FRANCE (Reuters): World number one Carlos Alcaraz marked his return to action following his Wimbledon triumph with a battling 4-6 6-4 (10-8) win over David Goffin in their Hopman Cup clash but could not prevent Spain from losing 2-1 to Belgium.
In the day’s other tie, Switzerland scored a 2-1 victory over France after the duo of Celine Naef and Leandro Riedi beat Alize Cornet and Richard Gasquet 6-4 7-5 in the mixed doubles rubber to book their place in Sunday’s final.
Cornet earlier downed Naef 1-6 6-3 (10-8) before Riedi got past Gasquet 3-6 6-3 (10-8) to set up the decider.
The 20-year-old Alcaraz, who won his second Grand Slam title on Sunday defeating 23-time major champion Novak Djokovic on the All England Club lawns, did not enjoy the smoothest shift back to clay in Nice, France, on his debut in the mixed team event.
Taking to the court after Elise Mertens beat Rebeka Masarova 7-6(3) 2-6 (10-5) to put Belgium 1-0 ahead, Alcaraz dropped his serve twice in sweltering conditions to surrender the opening set tamely to his seasoned opponent.
World number 111 Goffin, who defeated Alcaraz the last time they played after the youngster bagged the 2022 U.S. Open crown, broke in the opening game of the next set and consolidated his lead to heap the pressure on his opponent.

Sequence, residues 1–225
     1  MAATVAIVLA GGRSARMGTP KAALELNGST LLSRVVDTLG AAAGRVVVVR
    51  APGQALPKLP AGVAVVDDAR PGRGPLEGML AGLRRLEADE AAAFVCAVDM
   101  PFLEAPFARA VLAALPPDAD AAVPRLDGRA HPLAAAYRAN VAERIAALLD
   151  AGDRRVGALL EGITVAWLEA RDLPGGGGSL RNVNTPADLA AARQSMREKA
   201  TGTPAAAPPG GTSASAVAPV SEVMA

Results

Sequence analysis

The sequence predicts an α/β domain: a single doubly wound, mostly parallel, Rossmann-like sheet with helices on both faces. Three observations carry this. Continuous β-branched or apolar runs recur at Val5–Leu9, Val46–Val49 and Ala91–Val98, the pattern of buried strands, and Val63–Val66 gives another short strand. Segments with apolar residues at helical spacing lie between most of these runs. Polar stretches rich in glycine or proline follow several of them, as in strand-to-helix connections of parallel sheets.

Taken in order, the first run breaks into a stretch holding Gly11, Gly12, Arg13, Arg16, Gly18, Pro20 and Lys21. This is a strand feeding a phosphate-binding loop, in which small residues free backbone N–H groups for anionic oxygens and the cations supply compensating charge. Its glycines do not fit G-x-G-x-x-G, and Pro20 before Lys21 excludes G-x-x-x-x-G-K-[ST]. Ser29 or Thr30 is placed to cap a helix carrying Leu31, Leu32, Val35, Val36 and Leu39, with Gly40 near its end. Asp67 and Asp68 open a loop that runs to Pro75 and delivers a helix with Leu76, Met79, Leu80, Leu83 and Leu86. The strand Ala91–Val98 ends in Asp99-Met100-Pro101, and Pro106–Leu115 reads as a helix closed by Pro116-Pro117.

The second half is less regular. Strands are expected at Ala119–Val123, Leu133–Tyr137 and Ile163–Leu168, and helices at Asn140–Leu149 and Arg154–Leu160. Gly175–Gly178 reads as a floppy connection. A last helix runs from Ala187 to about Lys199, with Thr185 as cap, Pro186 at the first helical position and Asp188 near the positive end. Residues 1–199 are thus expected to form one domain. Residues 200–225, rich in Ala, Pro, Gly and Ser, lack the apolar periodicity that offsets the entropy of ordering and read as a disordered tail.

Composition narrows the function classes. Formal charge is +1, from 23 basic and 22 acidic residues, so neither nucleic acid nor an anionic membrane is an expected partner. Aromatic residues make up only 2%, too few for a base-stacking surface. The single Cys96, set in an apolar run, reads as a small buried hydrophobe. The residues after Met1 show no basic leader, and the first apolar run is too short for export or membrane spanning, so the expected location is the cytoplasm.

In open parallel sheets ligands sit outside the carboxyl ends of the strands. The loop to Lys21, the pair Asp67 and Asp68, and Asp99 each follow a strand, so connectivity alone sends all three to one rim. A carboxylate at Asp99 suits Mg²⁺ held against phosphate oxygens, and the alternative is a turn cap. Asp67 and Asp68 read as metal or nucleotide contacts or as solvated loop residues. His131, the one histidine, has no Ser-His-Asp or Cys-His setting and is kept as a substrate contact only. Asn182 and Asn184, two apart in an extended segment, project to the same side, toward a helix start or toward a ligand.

Alcaraz responded by clawing back to 3-3 and rode his luck after both players wobbled on serve to level the match at a set apiece before switching on the after-burners from 0-4 down in the wildly swinging super tiebreak to wrap up the victory.
“It wasn’t easy, it was a tough match but I’m really happy to come back to claycourts,” Alcaraz said. “It’s a good surface for me and I really enjoyed playing tennis here.
“I felt the energy and the love from the people.”
Alcaraz and Masarova, who replaced the injured Paula Badosa in the squad, were then thrashed 6-3 6-1 by Goffin and Mertens in the mixed doubles rubber.
Spain will next take on Croatia on Saturday.
The relaunched Hopman Cup returned to the tennis calendar this week after a four-year absence, having lost its spot ahead of the Australian Open as a result of the short-lived ATP Cup men’s team event.
The last edition of the Hopman Cup, which began in 1989 and was named after Australian great Harry Hopman, saw Roger Federer lead Switzerland to the title against Germany.